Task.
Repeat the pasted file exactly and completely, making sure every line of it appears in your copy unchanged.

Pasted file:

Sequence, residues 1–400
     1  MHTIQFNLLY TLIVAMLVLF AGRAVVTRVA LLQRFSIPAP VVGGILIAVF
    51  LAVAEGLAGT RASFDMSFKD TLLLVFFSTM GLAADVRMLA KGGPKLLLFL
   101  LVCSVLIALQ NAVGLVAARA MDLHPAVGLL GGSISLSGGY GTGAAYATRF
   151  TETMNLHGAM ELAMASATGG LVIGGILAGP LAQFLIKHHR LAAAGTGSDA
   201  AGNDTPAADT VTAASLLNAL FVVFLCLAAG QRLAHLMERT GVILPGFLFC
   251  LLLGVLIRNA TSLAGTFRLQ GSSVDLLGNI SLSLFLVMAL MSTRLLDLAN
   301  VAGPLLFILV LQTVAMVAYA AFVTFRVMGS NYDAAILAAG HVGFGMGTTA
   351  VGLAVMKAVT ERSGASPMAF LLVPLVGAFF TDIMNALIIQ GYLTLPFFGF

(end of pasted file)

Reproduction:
Sequence, residues 1–400
     1  MHTIQFNLLY TLIVAMLVLF AGRAVVTRVA LLQRFSIPAP VVGGILIAVF
    51  LAVAEGLAGT RASFDMSFKD TLLLVFFSTM GLAADVRMLA KGGPKLLLFL
   101  LVCSVLIALQ NAVGLVAARA MDLHPAVGLL GGSISLSGGY GTGAAYATRF
   151  TETMNLHGAM ELAMASATGG LVIGGILAGP LAQFLIKHHR LAAAGTGSDA
   201  AGNDTPAADT VTAASLLNAL FVVFLCLAAG QRLAHLMERT GVILPGFLFC
   251  LLLGVLIRNA TSLAGTFRLQ GSSVDLLGNI SLSLFLVMAL MSTRLLDLAN
   301  VAGPLLFILV LQTVAMVAYA AFVTFRVMGS NYDAAILAAG HVGFGMGTTA
   351  VGLAVMKAVT ERSGASPMAF LLVPLVGAFF TDIMNALIIQ GYLTLPFFGF